Advertising

In its day, Flash provided a standard interface with which ad technology companies could integrate and provide an SDK module.  Most all ad technology vendors, including Google and FreeWheel, have since created new SDKs for HTML5.

The IAB is a standards body that helps define advertising formats.  VPAID is a commonly used format that provides support for rich interactivity with a player UI.  The initial definition, VPAID 1.0, was deprecated in November 2016 as it defined the media creative as a Flash SWF.  The more recent VPAID 2.0 format uses JavaScript instead, and is compatible with HTML5 players.  In June of 2017, Google ceased support for their IMA SDK for Flash and Flash VPAID ads in the HTML5 SDK.

Server-side ad insertion is also possible with HTML5, and the complexity between browser environments is a contributing reason for its growth in popularity.  However, it’s important to remember that an ad must be measured in order for the advertiser to actually pay for it.  While server-side beaconing exists most advertisers will prefer client-side ad beaconing (at least until VAST 4.0 is adopted), which means that careful consideration must be made to ensure that the HTML5 player can listen for the ad events such as ad start and completion.

Flash to HTML5 Comparison Table

Flash HTML5
Codec H.264 H.264, HEVC, (soon AV1!)
Scripting Language ActionScript JavaScript
DRM Adobe Primetime (Access) Widevine, PlayReady, Fairplay
Cross-Origin Policies crossdomain.xml CORS
Streaming Protocols RTMP, HDS, HLS HLS, DASH
Ad Formats VPAID 1 & 2 VPAID 2
Captions DFXP WebVTT, SRT, others

Finally, How to Choose an HTML5 Player Technology

Now that we have a good understanding of the foundations of HTML5 video, it’s time to consider which player implementation will meet your needs.

The universe of options for HTML5 players includes everything from completely open-source players like HLS.js and DASH.js, to hybrid open-source with additional licensing and paid support options such as video.js (via Brightcove) or JW Player, or closed-source with licensing and paid support such as Bitmovin or THEOplayer.

When evaluating these player options it’s important to ask yourself these questions:

  1. What is the true total cost of ownership (TCO) of each option? This TCO goes far beyond licensing costs and extends into cost of maintenance and support — whether that’s provided by your team or outsourced. How much R&D does your engineering team need to put into both the initial implementation and ongoing support? When bugs are found, how much is it costing you to fix these issues? What is the cost of lost revenue when tickets on bugs in open-source projects remain unfilled? What is the cost of maintaining separate codebases and API integrations for web vs. native players?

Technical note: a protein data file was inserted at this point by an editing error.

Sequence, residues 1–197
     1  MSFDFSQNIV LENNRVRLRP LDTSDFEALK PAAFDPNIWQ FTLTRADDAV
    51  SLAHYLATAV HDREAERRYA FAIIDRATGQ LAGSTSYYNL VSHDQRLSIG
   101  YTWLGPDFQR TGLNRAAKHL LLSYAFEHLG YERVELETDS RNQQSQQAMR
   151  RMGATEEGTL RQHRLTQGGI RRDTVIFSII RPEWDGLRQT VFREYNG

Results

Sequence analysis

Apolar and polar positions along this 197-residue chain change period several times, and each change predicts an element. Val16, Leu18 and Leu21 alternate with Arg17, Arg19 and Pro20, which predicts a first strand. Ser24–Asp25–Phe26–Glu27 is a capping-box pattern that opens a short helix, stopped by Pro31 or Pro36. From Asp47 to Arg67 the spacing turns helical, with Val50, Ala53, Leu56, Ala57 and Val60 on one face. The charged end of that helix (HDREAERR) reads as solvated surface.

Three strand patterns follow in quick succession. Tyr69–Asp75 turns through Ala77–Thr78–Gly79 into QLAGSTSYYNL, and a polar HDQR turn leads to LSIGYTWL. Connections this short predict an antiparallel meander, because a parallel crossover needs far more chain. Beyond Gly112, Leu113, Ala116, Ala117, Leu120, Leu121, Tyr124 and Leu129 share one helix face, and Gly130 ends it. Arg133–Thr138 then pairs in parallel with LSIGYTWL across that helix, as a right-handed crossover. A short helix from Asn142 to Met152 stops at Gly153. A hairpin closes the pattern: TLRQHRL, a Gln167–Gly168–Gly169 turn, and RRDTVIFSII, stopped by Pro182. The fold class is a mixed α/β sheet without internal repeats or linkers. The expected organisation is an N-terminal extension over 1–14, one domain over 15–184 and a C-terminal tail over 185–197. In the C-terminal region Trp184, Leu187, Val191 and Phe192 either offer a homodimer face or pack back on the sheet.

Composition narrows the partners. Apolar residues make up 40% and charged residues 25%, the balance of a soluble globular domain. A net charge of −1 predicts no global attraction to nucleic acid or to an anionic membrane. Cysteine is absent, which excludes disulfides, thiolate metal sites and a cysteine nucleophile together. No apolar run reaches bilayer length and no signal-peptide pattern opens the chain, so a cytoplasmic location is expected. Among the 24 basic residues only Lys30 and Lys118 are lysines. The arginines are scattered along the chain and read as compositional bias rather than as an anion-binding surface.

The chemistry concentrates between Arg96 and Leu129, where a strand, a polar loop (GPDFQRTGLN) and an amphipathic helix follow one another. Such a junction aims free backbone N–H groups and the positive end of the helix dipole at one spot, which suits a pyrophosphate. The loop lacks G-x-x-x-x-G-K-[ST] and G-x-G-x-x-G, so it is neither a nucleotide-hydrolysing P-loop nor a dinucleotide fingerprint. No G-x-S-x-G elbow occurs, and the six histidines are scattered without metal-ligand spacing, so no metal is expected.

2. Do you need commercial support or will you handle everything internally? If you pay for support, does your player vendor own the entire playback stack, or are they simply wrapping their UI on top of an open source project? This affects the ability to quickly rectify issues found in production.
  3. Will your chosen technology allow you to have control over the roadmap?  Consider these features:
    1. Multi-codec support, and the addition of new formats.
    2. Advertising insertion, both client-side and server-side.
    3. Adaptive Bitrate (ABR) handling and tweaks.
    4. Metadata handling
    5. DRM integrations
    6. Speed

Now What?

We may never return to the simplicity of Flash’s “write once run anywhere” value statement, but well-designed cross-platform player systems offer many of the same conveniences as Flash while also adding in newer adaptive streaming technology, advanced QoS monitoring and next generation client and server-side ad insertion features.

At Bitmovin we’re experts in helping video publishers make the transition to this brave new generation of online video. If you’re ready to make the jump, or need help improving your existing architecture, please contact us and we’ll be happy to work with you to map out the right path to success for your needs.

Image credit for the Flash gravestone: Joel Oughton